Welcome to Ask Anka, a weekly column where sex therapist Anka Radakovich dives deep into your most intimate issues with advice and tips to help you live your best sex and relationships life. Have a question for Anka? Drop us a DM (no fear, we'll keep it anonymous) on Instagram @Brides.
What should I do when he suddenly doesn't seem as romantic as he used to be?
Ah, romance; it’s the fun part of any relationship. And also the part that can suddenly slip away. But romance can easily return to the picture. Sometimes all it takes is bringing awareness to your partner that you still love it. Don’t get mad; do these things instead.
Lead by Example
Start being more romantic yourself, in ways you would like to see in your relationship. Couples just get so busy that they start treating their spouses or partners like roommates. Fellow sex therapist Chris Donaghue tells me, “Too many people expect mind reading and then punish their partner for not giving them what they want. Express what romantic looks like for you, and tell your partner what you miss.”
You could spontaneously buy him something funny or surprise him by answering the door in sexy lingerie and heels. (“I would hate seeing my woman in smokin’ hot lingerie,” said no one ever.)
In his new book Rebel Love, Break the Rules, Destroy Toxic Habits, and Have the Best Sex of Your Life—that I can’t stop reading BTW—Chris writes stuff like, “There is no need to sit passively waiting for romance from your partner. You have to discuss what your expectations and disappointments are. It is common that being romantic is treated as a stage early in relationships, with many letting it go thinking it’s no longer needed once there is a serious commitment or time goes by. Remember,” he writes, “that getting what you want because you asked for it directly will always feel romantic.”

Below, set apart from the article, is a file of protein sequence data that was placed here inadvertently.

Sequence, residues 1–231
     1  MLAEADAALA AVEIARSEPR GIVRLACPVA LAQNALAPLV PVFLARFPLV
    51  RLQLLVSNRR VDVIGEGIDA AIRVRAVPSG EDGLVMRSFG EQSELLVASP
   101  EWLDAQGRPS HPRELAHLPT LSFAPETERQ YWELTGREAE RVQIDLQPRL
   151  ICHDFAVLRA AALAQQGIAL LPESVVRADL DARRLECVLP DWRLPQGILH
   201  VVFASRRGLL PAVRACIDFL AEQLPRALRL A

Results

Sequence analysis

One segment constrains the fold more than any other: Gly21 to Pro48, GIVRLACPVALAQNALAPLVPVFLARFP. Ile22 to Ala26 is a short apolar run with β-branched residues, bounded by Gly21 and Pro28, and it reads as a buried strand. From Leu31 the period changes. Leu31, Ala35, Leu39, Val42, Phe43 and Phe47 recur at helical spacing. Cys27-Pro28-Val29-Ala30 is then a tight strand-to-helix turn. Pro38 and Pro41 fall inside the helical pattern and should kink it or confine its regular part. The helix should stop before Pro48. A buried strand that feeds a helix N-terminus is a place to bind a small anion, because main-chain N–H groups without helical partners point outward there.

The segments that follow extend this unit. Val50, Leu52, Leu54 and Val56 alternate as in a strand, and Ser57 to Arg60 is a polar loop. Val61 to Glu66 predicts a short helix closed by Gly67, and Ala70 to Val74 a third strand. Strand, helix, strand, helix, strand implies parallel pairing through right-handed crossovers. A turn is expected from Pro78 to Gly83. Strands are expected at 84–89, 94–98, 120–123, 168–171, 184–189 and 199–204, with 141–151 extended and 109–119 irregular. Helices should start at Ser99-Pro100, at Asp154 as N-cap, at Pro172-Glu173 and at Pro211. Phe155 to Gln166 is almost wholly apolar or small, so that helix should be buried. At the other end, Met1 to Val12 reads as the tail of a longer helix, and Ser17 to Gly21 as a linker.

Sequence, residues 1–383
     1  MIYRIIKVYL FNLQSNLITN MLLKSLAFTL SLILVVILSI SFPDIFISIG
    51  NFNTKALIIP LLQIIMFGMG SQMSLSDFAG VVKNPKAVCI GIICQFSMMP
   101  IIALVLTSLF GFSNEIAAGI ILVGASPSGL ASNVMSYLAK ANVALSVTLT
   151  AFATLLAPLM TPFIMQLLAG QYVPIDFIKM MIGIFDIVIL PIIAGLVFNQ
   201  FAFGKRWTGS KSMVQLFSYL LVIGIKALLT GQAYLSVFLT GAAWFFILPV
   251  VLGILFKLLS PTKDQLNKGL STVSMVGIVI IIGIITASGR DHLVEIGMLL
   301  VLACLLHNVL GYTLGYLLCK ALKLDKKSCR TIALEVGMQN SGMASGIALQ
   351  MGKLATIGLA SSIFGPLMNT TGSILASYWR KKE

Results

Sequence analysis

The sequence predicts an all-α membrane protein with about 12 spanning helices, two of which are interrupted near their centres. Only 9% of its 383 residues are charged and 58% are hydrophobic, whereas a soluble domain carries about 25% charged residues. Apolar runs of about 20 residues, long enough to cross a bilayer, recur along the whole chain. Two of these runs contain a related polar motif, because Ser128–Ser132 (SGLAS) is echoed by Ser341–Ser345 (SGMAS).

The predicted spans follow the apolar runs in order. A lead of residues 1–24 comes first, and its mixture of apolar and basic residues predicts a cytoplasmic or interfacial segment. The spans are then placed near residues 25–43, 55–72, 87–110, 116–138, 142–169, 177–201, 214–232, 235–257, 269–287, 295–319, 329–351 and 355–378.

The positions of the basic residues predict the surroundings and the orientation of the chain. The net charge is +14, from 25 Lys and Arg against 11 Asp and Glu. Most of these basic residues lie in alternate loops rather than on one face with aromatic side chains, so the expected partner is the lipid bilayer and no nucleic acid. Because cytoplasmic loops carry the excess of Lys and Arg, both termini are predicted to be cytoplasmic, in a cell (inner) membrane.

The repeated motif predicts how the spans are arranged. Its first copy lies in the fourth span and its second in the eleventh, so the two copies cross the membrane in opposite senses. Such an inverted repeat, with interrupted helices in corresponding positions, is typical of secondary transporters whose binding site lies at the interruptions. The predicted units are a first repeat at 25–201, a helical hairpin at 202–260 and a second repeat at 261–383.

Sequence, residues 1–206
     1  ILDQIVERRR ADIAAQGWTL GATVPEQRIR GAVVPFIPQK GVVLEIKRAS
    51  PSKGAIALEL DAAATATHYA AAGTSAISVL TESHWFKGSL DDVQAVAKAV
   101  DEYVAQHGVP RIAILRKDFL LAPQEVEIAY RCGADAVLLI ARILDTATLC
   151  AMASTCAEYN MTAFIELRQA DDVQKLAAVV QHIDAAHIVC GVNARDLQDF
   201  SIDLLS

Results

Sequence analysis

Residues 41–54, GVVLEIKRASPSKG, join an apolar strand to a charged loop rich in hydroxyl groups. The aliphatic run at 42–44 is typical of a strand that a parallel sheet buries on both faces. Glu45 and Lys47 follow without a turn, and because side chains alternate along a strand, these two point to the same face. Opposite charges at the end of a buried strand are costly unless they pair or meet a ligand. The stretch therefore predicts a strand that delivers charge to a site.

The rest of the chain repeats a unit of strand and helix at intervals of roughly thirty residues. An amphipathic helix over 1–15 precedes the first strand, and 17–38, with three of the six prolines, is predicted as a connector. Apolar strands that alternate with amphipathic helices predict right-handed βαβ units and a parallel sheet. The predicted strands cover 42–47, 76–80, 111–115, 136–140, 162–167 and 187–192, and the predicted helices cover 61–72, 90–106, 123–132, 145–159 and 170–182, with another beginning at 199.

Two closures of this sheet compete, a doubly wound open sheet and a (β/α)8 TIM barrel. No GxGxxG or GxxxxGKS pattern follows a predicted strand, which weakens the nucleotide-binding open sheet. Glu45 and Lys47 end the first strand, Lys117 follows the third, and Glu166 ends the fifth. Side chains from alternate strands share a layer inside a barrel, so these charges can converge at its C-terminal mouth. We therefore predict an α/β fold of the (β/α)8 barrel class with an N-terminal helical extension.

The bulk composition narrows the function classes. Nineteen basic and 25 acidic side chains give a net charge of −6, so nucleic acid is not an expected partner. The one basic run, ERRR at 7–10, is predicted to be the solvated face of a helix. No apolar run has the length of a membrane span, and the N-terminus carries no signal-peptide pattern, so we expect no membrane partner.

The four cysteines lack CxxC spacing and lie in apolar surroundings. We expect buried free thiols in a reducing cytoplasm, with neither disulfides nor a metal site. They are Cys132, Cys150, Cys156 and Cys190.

Go on More Dates or Make a Monthly or Weekly Date Night
The idea is to simulate the excitement of when you were first dating. Part of the thrill is getting all dolled up, wearing a new outfit, and meeting somewhere new. Hold hands while you’re there like you used to do. On The Bachelor, they show people going on date after date, not just sitting around on their couch watching TV. Watching The Bachelor together, however, can be a great ironically romantic date—enjoy counting just how many women the bachelor can make out with in a single episode.
Watch a Romantic Movie Together
Like La La Land. If you've already watched that one, watch the 1962 movie that La La Land's French director was inspired by, The Umbrellas of Cherbourg. Trust me, even a hardcore macho man will have his heart softened by this charming vintage movie about a young French girl (Catherine Deneuve) whose fiancé is called to the Algerian War while she waits for him back home. Like the film La La Land, starring Emma Stone and Ryan Gosling, they sing to each other! It will make you both cry. And hug. And swear you will always wait for each other to come home. (And here are several more options to get you started.)
Start Flirting Again
And don’t stop. Never stop flirting. You did it constantly when you first met, so why stop now? One of the most common things that men say is their #1 reason for cheating on their wives was surprisingly not that they wanted sex from someone else, but that they wanted more attention and felt neglected. Text him during the day and tell him he’s sexy and you’re thinking about him. Give him more compliments, not expecting any back. In the end, you’ll get some back.
Frederick D. Mondin, a sex therapist and professor of human sexuality who has counseled couples for the past 35 years, writes in his new book Erotic Love & Marriage: Improve Your Sex Life and Emotional Connection, “Romance is the music in any love relationship. When couples stop romancing each other, they have stopped the music, removed the art, and closed the theater in their relationship. Romancing is opening your heart to each other. When you are celebrating your partner with compliments and love language you are making music and poetry with each other. Couples need to continue to play music with each other. Positive reinforcement puts the music, poetry, and theater back in your relationship.”
So go forth and make music!
Anka Radakovich is a couple’s counselor, certified sexologist, and sex therapist. Follow her on Twitter @ankarad.